Alex Cameron - Forced Witness

by Ljubinko Zivkovic Rating:3 Release Date:2017-09-01

Forced Witness. As far as I'm concerned, a very precise title, signaling that something is very wrong here! There are two distinct possibilities - either I’m completely clueless by seeing this album as utter crap, or the second Alex Cameron album is an absolute masterpiece with its tongue so deeply in cheek that I missed the joke. I thought (and listened) again, and it's just not right.

Looking at all the facts before taking a single listen, it appeared really promising. Cameron’s first album, Jumping The Shark, got superlative reviews. Forced Witness is being released by Secret Canadian, a label quite dear to my heart since I don’t remember hearing a dud release from this label. Cameron has toured with some really hip names like Mac DeMarco, Kevin Morby and Unknown Mortal Orchestra. The album is produced by Foxygen’s Jonathan Rado, a man who, besides his great band is also known to have had a hand in the production of some great albums recently, like the recent Lemon Twigs one. To top it off, there’s even a duet here with highly regarded singer/songwriter Angel Olsen (“Secret Miss”).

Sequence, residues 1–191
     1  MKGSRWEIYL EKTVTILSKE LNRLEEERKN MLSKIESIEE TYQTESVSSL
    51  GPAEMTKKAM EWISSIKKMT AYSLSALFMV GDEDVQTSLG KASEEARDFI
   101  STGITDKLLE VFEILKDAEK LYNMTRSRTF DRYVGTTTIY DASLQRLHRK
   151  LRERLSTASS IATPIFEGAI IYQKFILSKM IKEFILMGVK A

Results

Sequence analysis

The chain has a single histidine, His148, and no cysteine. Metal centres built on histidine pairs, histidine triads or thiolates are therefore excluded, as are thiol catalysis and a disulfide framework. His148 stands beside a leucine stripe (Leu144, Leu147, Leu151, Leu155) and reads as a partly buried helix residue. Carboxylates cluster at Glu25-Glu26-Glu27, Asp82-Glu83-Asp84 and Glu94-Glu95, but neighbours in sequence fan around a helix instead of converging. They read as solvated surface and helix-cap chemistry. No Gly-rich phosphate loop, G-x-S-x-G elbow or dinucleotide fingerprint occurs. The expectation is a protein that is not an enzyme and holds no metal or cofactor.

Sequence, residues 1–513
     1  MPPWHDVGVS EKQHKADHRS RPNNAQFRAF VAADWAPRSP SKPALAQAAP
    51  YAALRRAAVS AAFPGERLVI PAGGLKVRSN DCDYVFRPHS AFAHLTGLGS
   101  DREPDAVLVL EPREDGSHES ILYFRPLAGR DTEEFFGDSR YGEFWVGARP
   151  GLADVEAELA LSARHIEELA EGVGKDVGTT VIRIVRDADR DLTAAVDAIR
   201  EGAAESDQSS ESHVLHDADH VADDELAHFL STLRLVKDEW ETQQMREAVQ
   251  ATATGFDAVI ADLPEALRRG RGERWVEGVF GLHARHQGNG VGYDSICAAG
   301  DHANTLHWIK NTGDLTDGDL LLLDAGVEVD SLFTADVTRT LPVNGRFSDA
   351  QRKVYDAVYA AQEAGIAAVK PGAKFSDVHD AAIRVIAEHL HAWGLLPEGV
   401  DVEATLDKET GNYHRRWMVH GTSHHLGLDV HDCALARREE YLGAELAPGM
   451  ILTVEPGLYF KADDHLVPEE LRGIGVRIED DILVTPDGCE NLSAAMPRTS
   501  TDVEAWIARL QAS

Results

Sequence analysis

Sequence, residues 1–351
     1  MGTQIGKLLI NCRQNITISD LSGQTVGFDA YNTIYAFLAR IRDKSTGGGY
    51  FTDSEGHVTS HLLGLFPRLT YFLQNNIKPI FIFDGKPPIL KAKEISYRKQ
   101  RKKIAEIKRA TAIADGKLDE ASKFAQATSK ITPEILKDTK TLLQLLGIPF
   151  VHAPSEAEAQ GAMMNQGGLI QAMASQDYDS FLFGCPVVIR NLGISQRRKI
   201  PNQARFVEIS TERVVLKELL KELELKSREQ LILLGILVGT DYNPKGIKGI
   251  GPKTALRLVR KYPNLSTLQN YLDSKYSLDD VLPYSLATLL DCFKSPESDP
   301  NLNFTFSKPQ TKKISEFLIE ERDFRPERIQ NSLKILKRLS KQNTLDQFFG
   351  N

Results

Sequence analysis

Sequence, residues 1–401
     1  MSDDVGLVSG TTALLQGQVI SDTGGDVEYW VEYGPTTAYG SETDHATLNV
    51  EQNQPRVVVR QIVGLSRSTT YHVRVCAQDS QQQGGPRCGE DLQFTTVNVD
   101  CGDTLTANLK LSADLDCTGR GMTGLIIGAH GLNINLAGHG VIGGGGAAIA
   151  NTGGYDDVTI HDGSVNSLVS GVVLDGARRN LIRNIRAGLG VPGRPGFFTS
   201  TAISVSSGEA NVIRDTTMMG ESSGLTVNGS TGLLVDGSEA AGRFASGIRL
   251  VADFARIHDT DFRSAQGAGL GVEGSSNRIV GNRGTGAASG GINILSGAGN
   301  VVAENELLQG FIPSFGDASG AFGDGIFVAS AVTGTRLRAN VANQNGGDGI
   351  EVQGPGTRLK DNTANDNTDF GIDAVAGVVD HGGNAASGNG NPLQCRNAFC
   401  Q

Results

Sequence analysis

The way Cameron describes the lyrics to some songs here, like the one to “Marlon Brando,” give off an impression of an intelligent guy who describes the song as, "a study of a man in the hopeless pursuit of a woman. He is a familiar character in the world, a self-assured jock, a dullard, a low-grade human who uses a specific kind of language when he finds a situation outside of his control. The song's lyrics present a damning indictment of homophobia and misogyny and their genesis in toxic masculinity." And yet, I still don’t get it, even though I’m not somebody with subpar intelligence.

I was barely able to sit through Forced Witness the first time around. To make sure I wasn't wrong, I barely managed one more round. Still the same. I suppose the music was supposed to be a pastiche of some middle of the road cross between Bruce Springsteen, Frankie Miller and Bob Seger. The problem is that it sounded so middling, that even Middle of The Road’s “Chirpy Chirpy Cheep Cheep” sounds more bearable. In all of that, there was no chance to discern any meaningful messages in the lyrics that Cameron talks about. Maybe they’re there, I just didn’t get them.

Making an album as a cheeky homage to a genre requires that one still has to come up with all the recognisable characteristics in order to be a successful caricature. In comparison to, for example, recent Phoenix Italo-disco pastiche “Ti Amo,” I don’t see much of that on Forced Witness. I certainly might have missed the point and everything in between, but I don’t think I’ll be looking to hear this album again.

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